She walks behind the machine and takes something out of a pencil cup on top. She walks in front of you, holding what looks like a big, black permanent marker. “I had time booked on the newer model for you, but Mx. ███████’s session ran long.” She says, dragging the marker across a choice part of the projection.
“Oh, where are my manners?” She notices your shock and laughs. “See, you saw some stuff you’re not supposed to. Like the issue of ████████ Quarterly on the desk, or your encounter with ███████.” She takes slow, measured steps to keep pace with the panning pages. As soon as she says the words, they appear in the page by her pen and she expertly blacks them out from your brain. When one fills up, it takes her a second to spot the new one, stride across the room to it, and continue her work. “So, as soon as we’re done here, you’ll be back home and absolutely no threat to ██ ███ security. Just get comfy and we’ll done soon.”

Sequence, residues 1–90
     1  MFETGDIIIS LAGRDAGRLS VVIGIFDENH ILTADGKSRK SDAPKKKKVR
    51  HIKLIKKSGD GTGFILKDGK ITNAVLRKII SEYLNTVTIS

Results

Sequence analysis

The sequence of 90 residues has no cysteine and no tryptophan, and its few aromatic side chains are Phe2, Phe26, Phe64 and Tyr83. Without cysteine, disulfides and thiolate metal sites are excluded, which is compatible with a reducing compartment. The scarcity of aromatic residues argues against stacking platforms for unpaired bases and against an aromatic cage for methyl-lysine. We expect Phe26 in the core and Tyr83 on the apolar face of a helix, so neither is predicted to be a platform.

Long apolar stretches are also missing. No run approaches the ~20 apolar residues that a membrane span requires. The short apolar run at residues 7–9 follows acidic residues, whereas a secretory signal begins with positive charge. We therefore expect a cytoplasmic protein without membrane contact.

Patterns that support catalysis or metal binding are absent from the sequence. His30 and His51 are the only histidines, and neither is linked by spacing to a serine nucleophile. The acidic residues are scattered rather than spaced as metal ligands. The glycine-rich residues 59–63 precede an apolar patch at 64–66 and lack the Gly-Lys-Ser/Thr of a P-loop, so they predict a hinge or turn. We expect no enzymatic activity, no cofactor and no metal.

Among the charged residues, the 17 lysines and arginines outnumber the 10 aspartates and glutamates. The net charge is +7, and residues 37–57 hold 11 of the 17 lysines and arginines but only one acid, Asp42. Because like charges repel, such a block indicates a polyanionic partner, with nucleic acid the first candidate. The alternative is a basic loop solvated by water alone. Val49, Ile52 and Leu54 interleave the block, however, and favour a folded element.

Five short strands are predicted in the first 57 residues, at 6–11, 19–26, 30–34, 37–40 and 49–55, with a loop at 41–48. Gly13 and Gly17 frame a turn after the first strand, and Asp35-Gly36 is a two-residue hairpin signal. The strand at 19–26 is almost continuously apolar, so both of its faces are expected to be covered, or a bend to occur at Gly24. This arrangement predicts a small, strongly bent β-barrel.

You struggle against your restraints, as anyone would do. She’s in the middle of redacting a sentence about the North American █████████ when she notices. Long strides, lots of eye contact, and a marker against your chin. She cranes your neck upwards, forcing your neck to press against the cool iron collar. “Careful.” She smiles from ear to ear. Her teeth look even sharper in this light. “I’ve been awfully restrained so far. I was going to leave you a few interesting stories to tell your friends. Nothing anyone would believe, of course. But if you keep this up, well, there’s no telling what a slip of the pen might do.” She slowly drags the wide chisel tip up and off your chin. The cool ink absorbs into your skin as a reminder. She returns to where she left off, redacting a few choice names and locations.
You shout every awful thing you can think to say, throwing your entire weight back and forth against the restraints. Some of the older joints creak against your weight, but the seat doesn’t budge. She sighs and stops in place. “Don’t waste your energy. That chair has held beings twice your size, four times your weight, eight times your number of limbs, and sixteen times your ███████ potential.” She didn’t even have to look to black that one out.